Seaside Cottage Timber Frame

First Place: Residential Design Award for Timber Frame design excellence (1998) - Timber Framers' Guild of North America

Timber Framing - Seaside cottage

Recovered western red cedar is what this oceanside meditation studio on the South Shore of Nova Scotia was built from. The bow-shaped roof was designed to reflect the shape of the waves as well as the huge boulders on the surrounding land.


Timber Framing  - Installing the curved rafters

Timber Frame  - Beautiful curves.

  Sketch of sea side cottage

All three curved rafters are cut out of the same naturally-curved tree. Metal fastenings are stainless steel to resist corrosion from the salt air. We supplied the flooring of elm, a durable hardwood whose colour complements the cedar.


Timber Framing  - Small but spacious

Timber Framing  - Exceptional details
Timber Framing - details

Beautiful wood grain enhanced by the frame design


Timber Framing - Details close up

Timber Framing  - A practical, fun, interesting place to live The Seaside design invites one to experience nature from inside the studio while also providing easy access to venture out.

The Spirit of Wind, Water and Wood

Built of recovered western cedar, this ocean-side cottage on the South Shore of Nova Scotia, Canada, was built for the environment and the requirements of the owners. The bow shaped roof was designed to reflect the shape of the waves as well as the huge boulders on the surrounding land. The sitting of the building provides a view of the ocean, but is turned away from the glaring light of a nearby lighthouse.

Creating Balanced Design

The spirit of Feng Shui influenced the sitting, design and choice of materials. The word Feng means wind and Shui means water. "Feng Shui is an ancient Chinese art of placement of things ranging from the orientation of buildings to the furnishings of interiors, to influencing the "qi" or cosmic breath of a site." Common sense and good taste applied in combination with Feng Shui created a balanced design.

Blending With Nature

The design process was a collaborative effort with the owners, the architect David Garrett, and TimberhArt Woodworks (formerly known as Unique and Heritage Timber Frame Structures and Acorn Timber Frames). The owners' program called for the structure to be a self-contained studio, made of durable low maintenance materials, near the water, inviting one to experience nature from inside while giving easy access to venture out. It was important that the building's form and color blend into the coastal landscape at the base of their property. The ultimate goal was a place to retreat to and enjoy.

Special Timbers

The form for the studio started out on paper as a pagoda with a steep pitch and flared rafter tails. It evolved into a bow roof with large windows on the waterside. The design continued to evolve in the shop as the raw materials revealed their potentials and Dan described the possibilities to the owners. The wood was sourced to meet and enhance the design, while the design brought out the characteristic of the wood. Dan loves to travel (having traveled in over 34 countries) to alluring locations. After finishing a contract for a timber frame in South Dakota, and skiing with friends in Jackson Hole, Wyoming, he continued to Vancouver Island to pick up the timbers for this project. Tromping through clear-cut areas with stumpage left behind, he searched out appropriate pieces for timbers and ship knee braces. He also acquired interesting stock for future projects!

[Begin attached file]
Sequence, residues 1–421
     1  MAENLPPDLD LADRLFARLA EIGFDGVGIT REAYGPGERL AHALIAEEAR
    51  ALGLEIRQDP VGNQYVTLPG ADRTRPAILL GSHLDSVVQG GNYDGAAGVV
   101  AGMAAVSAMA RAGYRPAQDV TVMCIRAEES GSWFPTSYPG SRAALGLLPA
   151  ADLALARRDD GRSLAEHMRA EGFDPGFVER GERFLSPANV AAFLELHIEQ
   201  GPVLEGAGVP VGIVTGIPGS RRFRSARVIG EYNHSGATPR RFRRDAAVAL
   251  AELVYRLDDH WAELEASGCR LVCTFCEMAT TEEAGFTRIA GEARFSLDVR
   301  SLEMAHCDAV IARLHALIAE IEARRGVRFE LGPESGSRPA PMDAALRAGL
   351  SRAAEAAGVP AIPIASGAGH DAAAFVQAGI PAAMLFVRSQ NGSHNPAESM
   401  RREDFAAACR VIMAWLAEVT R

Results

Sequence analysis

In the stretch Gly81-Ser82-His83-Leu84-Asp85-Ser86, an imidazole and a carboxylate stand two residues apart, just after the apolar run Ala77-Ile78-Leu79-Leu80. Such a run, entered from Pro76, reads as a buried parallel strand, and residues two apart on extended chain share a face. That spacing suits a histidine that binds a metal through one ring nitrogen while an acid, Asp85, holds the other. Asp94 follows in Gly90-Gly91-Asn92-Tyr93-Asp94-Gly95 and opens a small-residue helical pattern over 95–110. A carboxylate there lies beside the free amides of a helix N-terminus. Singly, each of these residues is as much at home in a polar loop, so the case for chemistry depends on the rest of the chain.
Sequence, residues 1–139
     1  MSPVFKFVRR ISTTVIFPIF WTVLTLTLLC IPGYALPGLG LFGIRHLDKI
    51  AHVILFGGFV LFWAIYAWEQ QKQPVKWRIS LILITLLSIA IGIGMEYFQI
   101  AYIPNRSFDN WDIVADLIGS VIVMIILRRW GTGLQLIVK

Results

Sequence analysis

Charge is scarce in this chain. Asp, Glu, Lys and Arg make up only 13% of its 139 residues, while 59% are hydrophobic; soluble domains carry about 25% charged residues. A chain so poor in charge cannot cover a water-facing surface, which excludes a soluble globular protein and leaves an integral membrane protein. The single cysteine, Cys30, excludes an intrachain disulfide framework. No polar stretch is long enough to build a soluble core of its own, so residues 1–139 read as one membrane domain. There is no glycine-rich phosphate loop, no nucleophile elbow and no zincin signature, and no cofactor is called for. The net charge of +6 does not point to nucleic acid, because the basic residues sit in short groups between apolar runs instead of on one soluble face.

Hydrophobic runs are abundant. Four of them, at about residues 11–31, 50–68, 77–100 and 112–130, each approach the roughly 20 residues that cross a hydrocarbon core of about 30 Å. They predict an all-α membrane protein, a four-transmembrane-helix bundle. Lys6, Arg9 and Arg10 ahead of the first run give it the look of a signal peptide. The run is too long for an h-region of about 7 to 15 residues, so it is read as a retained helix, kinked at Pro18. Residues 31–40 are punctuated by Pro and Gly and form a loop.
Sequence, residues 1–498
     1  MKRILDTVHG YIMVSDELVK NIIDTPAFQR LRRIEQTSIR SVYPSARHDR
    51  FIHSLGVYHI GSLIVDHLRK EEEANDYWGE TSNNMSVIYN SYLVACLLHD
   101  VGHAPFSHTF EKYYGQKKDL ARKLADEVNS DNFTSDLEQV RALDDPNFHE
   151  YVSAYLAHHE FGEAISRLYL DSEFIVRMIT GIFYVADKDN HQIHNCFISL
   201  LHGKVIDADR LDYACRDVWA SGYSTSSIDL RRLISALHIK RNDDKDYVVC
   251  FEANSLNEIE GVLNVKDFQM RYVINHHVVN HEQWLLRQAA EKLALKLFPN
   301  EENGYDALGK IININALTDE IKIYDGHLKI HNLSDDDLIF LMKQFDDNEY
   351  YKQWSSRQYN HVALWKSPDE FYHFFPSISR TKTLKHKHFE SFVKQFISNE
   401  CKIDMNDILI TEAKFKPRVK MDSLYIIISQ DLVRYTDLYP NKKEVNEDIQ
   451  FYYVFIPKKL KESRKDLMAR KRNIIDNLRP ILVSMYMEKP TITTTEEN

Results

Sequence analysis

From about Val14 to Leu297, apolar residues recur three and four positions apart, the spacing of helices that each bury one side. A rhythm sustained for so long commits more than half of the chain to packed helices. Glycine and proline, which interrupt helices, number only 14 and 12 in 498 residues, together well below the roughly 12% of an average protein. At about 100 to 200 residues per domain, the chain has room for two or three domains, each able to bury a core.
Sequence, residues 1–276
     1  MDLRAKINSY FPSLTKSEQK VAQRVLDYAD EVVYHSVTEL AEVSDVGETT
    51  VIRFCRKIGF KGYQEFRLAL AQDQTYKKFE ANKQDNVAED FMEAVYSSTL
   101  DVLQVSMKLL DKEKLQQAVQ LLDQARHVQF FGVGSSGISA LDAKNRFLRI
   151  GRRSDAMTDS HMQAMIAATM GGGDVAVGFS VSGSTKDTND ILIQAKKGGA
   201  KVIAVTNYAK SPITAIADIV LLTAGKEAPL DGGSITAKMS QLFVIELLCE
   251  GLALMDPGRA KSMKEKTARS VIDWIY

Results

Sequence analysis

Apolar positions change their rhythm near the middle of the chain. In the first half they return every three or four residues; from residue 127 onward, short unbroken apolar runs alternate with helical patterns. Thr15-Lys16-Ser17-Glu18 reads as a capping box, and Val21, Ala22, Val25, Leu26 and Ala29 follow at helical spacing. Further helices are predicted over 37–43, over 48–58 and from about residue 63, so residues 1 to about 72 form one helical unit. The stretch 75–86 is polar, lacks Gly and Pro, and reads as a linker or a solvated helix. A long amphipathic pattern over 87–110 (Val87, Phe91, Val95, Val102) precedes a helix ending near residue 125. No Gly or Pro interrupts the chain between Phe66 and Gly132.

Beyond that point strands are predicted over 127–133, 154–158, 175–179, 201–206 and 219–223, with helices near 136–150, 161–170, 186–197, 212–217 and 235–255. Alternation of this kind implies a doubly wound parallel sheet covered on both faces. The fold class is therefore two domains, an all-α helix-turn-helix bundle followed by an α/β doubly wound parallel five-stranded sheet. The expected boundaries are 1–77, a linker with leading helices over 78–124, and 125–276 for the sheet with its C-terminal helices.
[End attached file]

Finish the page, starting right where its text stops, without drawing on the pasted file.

Firewood Becomes Timber Frame

The balsam fir post in the loft was found in our' firewood pile. When peeled it was so sticky that Dan threw it into the pond (where the frogs were seen sunbathing on it) for a couple of days. Then it was washed with Murphy's oil soap and given a coat of Danish oil, giving the resulting silky look.

Ongoing Consultation

The three rafters all came out of the same log. As Dan was laying out the cutting lines for the rafters, he could not bring himself to cut down the 24 inch rafter tail to make a 10-inch uniform curved rafter. After consultation with the owner and architect, the log became three long soaring tapered rafters, in a free form curve - like the bow of a wave!

Small in Size Only

The building is small in size but feels expansive because of the soaring roofline and the incorporation of the three exterior decks within the structure. Meandering large tiles lead one to the outside fire pit and to the side deck with bench and wind chimes. The curved deck in front with sundeck chairs was designed so there was no need to have a rail; you can walk right off onto the plush grass. Natural slate with a greenish hue, quarried in Nova Scotia by Scotia Slate Products, enhances the color of the wood. Two pieces of slate were cut for the stovepipe making a wall shield behind the stove. Other pieces were used for the hearth.

Raising and Celebration

The raising took place as the apple blossoms were blooming. A merging of several traditions occurred during the raising. One of the posts was "stepped like a mast": a coin was placed on the platform then the post was lowered into place. Family, friends and timberwrights participated in signing pegs and pounding them in to hold the joinery of the structure together. Upon completion of the raising, a small tree was placed on the ridge of the timber frame structure. This ancient Scandinavian and timber framing tradition pays homage to the trees used in the frame and offers a token of thanks for a safe and successful raising. The day ended with a celebration feast.

Cottage by the Sea (Slideshow)

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TimberhArt Woodworks (formerly Acorn Timber Frames)
L. Daniel and Kimberley Reagan
195 Fuller Rd., Hantsport NS B0P 1P0
Tel: 902 684-9708 || Toll Free: 1-866-395-3838 || Fax: 902 684-9844
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